Wednesday's unveiling of awards from the U.S. Department of Transportation's Transportation Innovation Generating Economic Recovery (TIGER) grant program left Michigan with little to show for applications submitted by municipal governments throughout the state. Only two cities-Detroit and Port Huron-were awarded funds for their transportation projects, receiving $23 million and $30 million, respectively.
In early 2006, Wayne County, Washtenaw County, the Wayne County Airport authority, and several Southeast Michigan cities and townships agreed to collectively pursue the development of an airport city-an aerotropolis comprised of 60,000 acres around the Detroit Metro and Willow Run airports. In early November, legislation regarding the Detroit Region Aerotropolis initiative was referred for a second reading as a portion of the Next Michigan Act. Though the legislature adjourns sin die this month, the initiative will likely be an interesting item to follow when the state House of Representatives reconvenes.
The Michigan Daily reported on Friday that $7.5 million in federal funds has been allocated for a study regarding a high-speed rail corridor between Detroit and Lansing, with potential stops in Dearborn, at Detroit Metro Airport, and in Ann Arbor. This is the first significant development in a long time, as Michigan spent most of October entangled in an intense state budget battle, which has still not yet been settled, even with a budget signed by Governor Granholm.
CATA began providing bus service in 1972, and after an initial surge in ridership that peaked in 1980, CATA ridership remained relatively level for the next 19 years. Ridership exceeded the previous peak in 1999 and began increasing sharply in 2000. Each of the past eight years has marked a new record in the number of riders.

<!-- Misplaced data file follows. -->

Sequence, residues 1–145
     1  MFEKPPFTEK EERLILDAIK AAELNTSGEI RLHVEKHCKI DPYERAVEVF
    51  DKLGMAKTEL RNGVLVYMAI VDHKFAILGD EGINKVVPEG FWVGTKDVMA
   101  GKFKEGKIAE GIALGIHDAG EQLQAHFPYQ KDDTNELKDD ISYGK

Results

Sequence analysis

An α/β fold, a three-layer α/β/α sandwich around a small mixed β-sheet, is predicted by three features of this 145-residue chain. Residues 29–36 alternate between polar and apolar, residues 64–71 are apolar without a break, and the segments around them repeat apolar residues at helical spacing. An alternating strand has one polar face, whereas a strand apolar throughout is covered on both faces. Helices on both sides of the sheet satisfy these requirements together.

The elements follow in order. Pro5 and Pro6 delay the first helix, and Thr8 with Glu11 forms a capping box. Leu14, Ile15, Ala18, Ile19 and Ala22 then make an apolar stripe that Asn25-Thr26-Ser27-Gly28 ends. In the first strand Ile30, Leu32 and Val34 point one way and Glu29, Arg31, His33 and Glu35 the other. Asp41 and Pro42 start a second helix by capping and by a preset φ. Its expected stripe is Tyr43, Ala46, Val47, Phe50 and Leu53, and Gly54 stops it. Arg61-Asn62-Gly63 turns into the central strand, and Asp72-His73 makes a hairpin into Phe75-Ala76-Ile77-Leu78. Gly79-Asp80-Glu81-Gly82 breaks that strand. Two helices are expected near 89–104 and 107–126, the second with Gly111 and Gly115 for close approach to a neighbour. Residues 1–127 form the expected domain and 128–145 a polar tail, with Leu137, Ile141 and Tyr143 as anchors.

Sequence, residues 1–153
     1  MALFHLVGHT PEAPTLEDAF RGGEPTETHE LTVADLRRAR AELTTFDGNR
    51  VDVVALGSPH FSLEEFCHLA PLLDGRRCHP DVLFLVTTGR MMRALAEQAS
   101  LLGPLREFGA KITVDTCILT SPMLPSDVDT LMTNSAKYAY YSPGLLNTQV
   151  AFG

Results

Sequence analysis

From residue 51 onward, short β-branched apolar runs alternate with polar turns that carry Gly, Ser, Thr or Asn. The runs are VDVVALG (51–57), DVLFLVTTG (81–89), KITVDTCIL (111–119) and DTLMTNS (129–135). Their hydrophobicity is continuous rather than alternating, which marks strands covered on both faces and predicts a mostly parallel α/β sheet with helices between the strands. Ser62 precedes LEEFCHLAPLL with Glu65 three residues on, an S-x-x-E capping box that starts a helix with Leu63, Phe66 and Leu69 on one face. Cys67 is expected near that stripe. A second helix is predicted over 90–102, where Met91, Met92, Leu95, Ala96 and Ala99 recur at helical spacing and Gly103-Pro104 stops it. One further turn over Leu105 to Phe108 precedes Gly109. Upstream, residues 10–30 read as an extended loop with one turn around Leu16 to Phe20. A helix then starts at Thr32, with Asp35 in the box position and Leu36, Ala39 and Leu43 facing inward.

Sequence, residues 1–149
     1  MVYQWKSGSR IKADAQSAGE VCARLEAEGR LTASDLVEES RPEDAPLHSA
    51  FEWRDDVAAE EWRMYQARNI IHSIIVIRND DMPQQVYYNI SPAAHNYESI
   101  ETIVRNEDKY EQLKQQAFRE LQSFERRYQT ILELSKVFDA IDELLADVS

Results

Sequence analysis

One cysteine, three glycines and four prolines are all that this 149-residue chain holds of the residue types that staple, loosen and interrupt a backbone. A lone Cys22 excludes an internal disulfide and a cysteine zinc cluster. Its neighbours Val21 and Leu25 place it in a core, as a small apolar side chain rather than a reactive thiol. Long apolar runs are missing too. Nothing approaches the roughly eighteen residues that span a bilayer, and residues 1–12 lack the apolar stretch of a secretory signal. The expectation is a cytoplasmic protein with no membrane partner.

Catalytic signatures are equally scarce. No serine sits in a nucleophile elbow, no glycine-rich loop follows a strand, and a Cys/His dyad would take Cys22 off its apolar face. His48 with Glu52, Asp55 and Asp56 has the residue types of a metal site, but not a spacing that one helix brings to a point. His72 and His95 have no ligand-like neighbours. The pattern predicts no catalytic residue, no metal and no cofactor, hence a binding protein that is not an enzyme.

Electric Vehicle Policy
Written by Mitchell Rhein
Sunday, 06 May 2012 19:39
Recently, Electric Vehicles (EVs) have emerged as a promising advance in technology that could have a substantial impact on various issues currently faced by Michigan and the United States. The most frequently cited public benefit of EVs is the mitigation of greenhouse gas emissions. In the United States, the transportation sector accounts for 28 percent of all greenhouse gas emissions and between 36 and 78 percent of all urban air pollution. Research shows that each EV that displaces a conventional car produces savings of approximately 1.5 tons of CO2 per year and emits almost no harmful pollutants like conventional Internal Combustion Engine (ICE) powered vehicles. Furthermore, 68 percent of all oil consumption in the U.S. comes from the transportation sector. Increased EV adoption could potentially reduce our nation's oil consumption, thus improving energy security. The burgeoning EV industry may also help to reduce the nation's high unemployment rate through the development of industry, business, standards and R&D. Finally, EVs have a lower per-mile cost compared to conventional ICE powered vehicles. For these reasons, states and the federal government have begun providing incentives for the adoption of EV technology by individuals and businesses. At the state level, Michigan currently lags behind other states in available EV incentives. However, at the federal level, one Michigan Senator is at the forefront of proposed EV policy in an effort to keep Michigan competitive in the global EV industry.